Beauty: Time to face facts

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So many beauty products claim to take years off you. But is the hype justified? Here, one writer who has tried our selection of bestsellers gives her surprising verdict. Charlotte Ross reports

THEY say your skin is all in the genes. A lucky thing for me, as my mother, now in her sixties, has skin most 35-year-olds would envy. Despite her claims to have been brought up on white bread and sugar in post-war Glasgow, the face she shows the world has a smooth, dewy radiance. And considering the years of worry my brothers and I caused her, she hardly has a wrinkle to show for it.

Her beauty secret is simple: throughout my childhood there was always a pale pink bottle of Oil of Ulay (or Olay, as it’s now known) on her bedside table. Now there is one on mine.

But I didn’t get there straight away. I’ve tried every potion on the market, lapping up each “It” cream that appeared. The more expensive the better. When Crme de la Mer was the cream du jour, it was on my fingertips morning and night, even though its heavy texture didn’t suit my skin.

Before long I’d replaced it with the next beauty buzz-cream, SK II, an upmarket Japanese brand based on a byproduct of the drink sake. Like so many of the “miracle” creams that catch the attention, it’s said to have come about by accident – someone supposedly noticed the youthful hands of old men in a sake factory. While I used it, I had clear, glowing skin.

No 7 Protect & Perfect serum, the bargain-basement Boots brand that outperformed every similar super-pricey anti-ageing product, was originally used to treat burns. I’ve no idea if it works – how can you ever know with something that claims to slow ageing? – but I use it daily, just in case.

And the latest word-of-mouth hit, Waitrose Baby Bottom Butter, was, well, bottom cream before bored mums started slapping it on their faces. It only costs 2.49 but was sold out until a couple of weeks ago. Now I’ve stocked up and smear the vanilla-scented paste all over in the morning and on my face at night.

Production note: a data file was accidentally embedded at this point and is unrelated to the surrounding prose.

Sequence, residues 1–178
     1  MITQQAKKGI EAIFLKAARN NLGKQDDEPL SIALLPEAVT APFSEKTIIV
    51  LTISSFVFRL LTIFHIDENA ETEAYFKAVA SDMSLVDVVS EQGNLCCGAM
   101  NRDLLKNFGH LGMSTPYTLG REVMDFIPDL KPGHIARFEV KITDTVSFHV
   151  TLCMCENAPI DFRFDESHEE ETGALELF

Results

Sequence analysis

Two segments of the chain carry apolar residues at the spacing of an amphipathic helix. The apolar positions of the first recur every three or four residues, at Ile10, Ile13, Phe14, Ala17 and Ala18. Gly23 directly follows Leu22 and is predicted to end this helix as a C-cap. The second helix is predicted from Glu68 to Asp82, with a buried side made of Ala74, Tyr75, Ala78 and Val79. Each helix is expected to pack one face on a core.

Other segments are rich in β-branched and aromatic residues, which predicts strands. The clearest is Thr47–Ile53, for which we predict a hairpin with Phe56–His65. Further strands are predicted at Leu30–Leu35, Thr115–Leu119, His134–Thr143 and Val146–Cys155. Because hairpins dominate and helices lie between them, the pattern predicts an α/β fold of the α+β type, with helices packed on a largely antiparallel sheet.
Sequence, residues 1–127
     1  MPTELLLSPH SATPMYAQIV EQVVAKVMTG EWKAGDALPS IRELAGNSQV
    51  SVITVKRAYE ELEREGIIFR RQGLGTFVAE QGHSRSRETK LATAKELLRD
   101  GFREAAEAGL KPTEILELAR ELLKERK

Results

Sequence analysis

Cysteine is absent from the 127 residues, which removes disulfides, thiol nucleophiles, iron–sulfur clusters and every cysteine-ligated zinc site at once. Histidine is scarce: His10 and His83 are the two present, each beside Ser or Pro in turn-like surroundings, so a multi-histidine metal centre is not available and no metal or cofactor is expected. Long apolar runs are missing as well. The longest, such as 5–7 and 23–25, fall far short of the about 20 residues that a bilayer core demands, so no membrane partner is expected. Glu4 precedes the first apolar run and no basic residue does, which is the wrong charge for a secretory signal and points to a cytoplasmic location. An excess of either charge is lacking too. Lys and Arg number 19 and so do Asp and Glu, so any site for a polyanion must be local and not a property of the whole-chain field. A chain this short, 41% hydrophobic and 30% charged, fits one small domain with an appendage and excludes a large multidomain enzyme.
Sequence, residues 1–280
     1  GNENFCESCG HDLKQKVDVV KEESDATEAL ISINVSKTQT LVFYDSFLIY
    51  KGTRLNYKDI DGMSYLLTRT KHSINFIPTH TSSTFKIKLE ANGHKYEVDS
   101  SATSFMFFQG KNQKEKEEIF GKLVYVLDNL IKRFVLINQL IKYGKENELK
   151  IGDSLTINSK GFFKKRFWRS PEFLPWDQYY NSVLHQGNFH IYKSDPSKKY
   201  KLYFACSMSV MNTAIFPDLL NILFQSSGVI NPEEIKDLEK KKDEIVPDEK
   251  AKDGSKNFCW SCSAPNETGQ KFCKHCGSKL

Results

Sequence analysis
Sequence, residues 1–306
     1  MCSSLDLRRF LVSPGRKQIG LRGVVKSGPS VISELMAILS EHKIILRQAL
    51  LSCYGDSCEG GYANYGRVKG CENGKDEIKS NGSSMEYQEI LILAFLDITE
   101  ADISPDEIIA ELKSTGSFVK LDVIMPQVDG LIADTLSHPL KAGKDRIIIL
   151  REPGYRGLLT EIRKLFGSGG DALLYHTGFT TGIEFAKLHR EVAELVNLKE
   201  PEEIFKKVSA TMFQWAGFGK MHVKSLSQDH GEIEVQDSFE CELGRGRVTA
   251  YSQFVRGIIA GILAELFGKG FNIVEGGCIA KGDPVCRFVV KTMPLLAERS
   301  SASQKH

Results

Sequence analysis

When all the fashions die down, there is something reassuring about tried-and-tested formulas: the potions your most beautiful, smooth-skinned friends rely on. That’s how I came to love Elizabeth Arden Eight Hour cream, which I slap on my dry elbows and heels and always use on my face during long flights. And Dr Hauschka Rose Day cream, which is perfect for when my skin feels sensitive. When I use Eve Lom’s amazing muslin-cloth-and-hot-water cleansing cream regularly, I don’t need anything else.

Price is no indicator of efficacy when it comes to face creams, so make your choices depending on how much you’re prepared to spend. I still try the more expensive serums, capsules and lotions, but what I have learned from my extensive research is that it is the enduring classics by Dr Hauschka, Eve Lom and Elizabeth Arden, not the newer, high-tech and higher priced products, that I reach for now when I want to be sure of visible results. And my mother was right – at least about one thing. In my 20 years of “It” cream addiction, Olay’s as good as I’ve found.


Claim? Gives a whole new meaning to the phrase, “as smooth as a baby’s bottom”. It is made from olive oil and lavender (traditionally used to soothe nappy rash) and fans claim their skin returns to prepubescent-like smoothness after a few weeks of using it twice a day.

Buzz? After a contributor on parenting website said the cream had transformed her face, sales doubled to 30,000 tubs. It has sold eight years’ worth of stock since appearing on the website four months ago. New deliveries sell out fast.

Value for money: at 2.49 for 125ml, it’s a mere snip of the price of many “hi-tech” anti-wrinkle creams.